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Interfacing citizens’ and institutions’ practice and responsibilities for climate change adaptation

Wamsler, Christine LU and Brink, Ebba LU (2014) In Urban Climate 7. p.64-91
Abstract
Climate change poses a serious challenge to sustainable urban development, placing many cities at risk. Climatic conditions are changing to such an extent that the capacity of urban institutions and associated governance systems to deal with climatic extremes and variability is being reduced. New approaches for urban climate change adaptation are thus urgently needed.



There is an increasing consensus that local-level capacities are critical for successful adaptation to climate change and the achievement of sustainable development. However, knowledge about local-level capacities is scarce, and regulatory frameworks are often ambiguous in terms of assigning (complementary) responsibilities for adaptation to institutions... (More)
Climate change poses a serious challenge to sustainable urban development, placing many cities at risk. Climatic conditions are changing to such an extent that the capacity of urban institutions and associated governance systems to deal with climatic extremes and variability is being reduced. New approaches for urban climate change adaptation are thus urgently needed.



There is an increasing consensus that local-level capacities are critical for successful adaptation to climate change and the achievement of sustainable development. However, knowledge about local-level capacities is scarce, and regulatory frameworks are often ambiguous in terms of assigning (complementary) responsibilities for adaptation to institutions and citizens. Against that background, the paper investigates the adaptive practice of Swedish citizens and how this relates to local municipalities’ adaptation efforts and to the ‘interface’ between citizens’ and institutions’ legal responsibilities. By theorising the interplay between the adaptive practice of citizens and institutions, it demonstrates that adaptive capacity at the local level does not automatically translate into adaptation itself, thus showing the requirement for planned and more complementary interventions. The outcomes suggest the need for more distributed urban risk governance systems and people-oriented planning to foster an adaptive and sustainable transformation of cities. The potential scope of action for more people-oriented adaptation planning is presented. (Less)
Please use this url to cite or link to this publication:
author
organization
publishing date
type
Contribution to journal
publication status
published
subject
keywords
Disaster risk reduction, People-oriented planning, Coping strategies, Adaptive practice, Climate change adaptation, Urban resilience and transformation
in
Urban Climate
volume
7
pages
64 - 91
publisher
Elsevier
external identifiers
  • scopus:84896398051
ISSN
2212-0955
DOI
10.1016/j.uclim.2013.10.009
language
English
LU publication?
yes
id
6bccc1e0-45be-4794-a8e1-30e4f635b28b (old id 3912120)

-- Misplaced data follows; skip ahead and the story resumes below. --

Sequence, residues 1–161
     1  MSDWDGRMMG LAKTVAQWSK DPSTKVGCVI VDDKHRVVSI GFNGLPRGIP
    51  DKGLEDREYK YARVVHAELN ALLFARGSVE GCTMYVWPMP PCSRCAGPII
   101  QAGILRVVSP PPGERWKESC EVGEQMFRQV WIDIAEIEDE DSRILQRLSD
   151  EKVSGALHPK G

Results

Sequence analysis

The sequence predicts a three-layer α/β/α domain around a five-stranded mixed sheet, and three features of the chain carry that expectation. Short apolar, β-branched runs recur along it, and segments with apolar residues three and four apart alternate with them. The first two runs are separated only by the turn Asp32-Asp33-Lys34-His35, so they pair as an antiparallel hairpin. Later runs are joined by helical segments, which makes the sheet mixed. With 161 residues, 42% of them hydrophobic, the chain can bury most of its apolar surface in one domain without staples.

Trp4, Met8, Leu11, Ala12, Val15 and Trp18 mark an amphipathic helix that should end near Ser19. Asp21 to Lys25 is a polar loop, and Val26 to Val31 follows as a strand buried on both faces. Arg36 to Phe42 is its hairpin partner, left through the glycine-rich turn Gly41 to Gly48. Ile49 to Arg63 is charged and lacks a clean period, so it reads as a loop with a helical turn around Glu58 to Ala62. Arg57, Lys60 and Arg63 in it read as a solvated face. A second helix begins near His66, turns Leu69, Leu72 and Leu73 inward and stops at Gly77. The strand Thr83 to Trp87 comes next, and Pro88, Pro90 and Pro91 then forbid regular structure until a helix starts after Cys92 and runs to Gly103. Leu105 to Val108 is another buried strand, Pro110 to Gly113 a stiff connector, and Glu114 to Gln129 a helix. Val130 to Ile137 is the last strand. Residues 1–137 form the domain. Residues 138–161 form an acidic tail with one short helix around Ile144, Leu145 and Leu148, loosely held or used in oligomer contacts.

alternative location
http://www.sciencedirect.com/science/article/pii/S2212095513000606
date added to LUP
2015-07-07 14:13:13
date last changed
2017-10-01 04:27:43
@article{6bccc1e0-45be-4794-a8e1-30e4f635b28b,
  abstract     = {Climate change poses a serious challenge to sustainable urban development, placing many cities at risk. Climatic conditions are changing to such an extent that the capacity of urban institutions and associated governance systems to deal with climatic extremes and variability is being reduced. New approaches for urban climate change adaptation are thus urgently needed.<br/><br>
<br/><br>
There is an increasing consensus that local-level capacities are critical for successful adaptation to climate change and the achievement of sustainable development. However, knowledge about local-level capacities is scarce, and regulatory frameworks are often ambiguous in terms of assigning (complementary) responsibilities for adaptation to institutions and citizens. Against that background, the paper investigates the adaptive practice of Swedish citizens and how this relates to local municipalities’ adaptation efforts and to the ‘interface’ between citizens’ and institutions’ legal responsibilities. By theorising the interplay between the adaptive practice of citizens and institutions, it demonstrates that adaptive capacity at the local level does not automatically translate into adaptation itself, thus showing the requirement for planned and more complementary interventions. The outcomes suggest the need for more distributed urban risk governance systems and people-oriented planning to foster an adaptive and sustainable transformation of cities. The potential scope of action for more people-oriented adaptation planning is presented.},
  author       = {Wamsler, Christine and Brink, Ebba},
  issn         = {2212-0955},
  keyword      = {Disaster risk reduction,People-oriented planning,Coping strategies,Adaptive practice,Climate change adaptation,Urban resilience and transformation},
  language     = {eng},
  pages        = {64--91},
  publisher    = {Elsevier},
  series       = {Urban Climate},
  title        = {Interfacing citizens’ and institutions’ practice and responsibilities for climate change adaptation},
  url          = {http://dx.doi.org/10.1016/j.uclim.2013.10.009},
  volume       = {7},
  year         = {2014},
}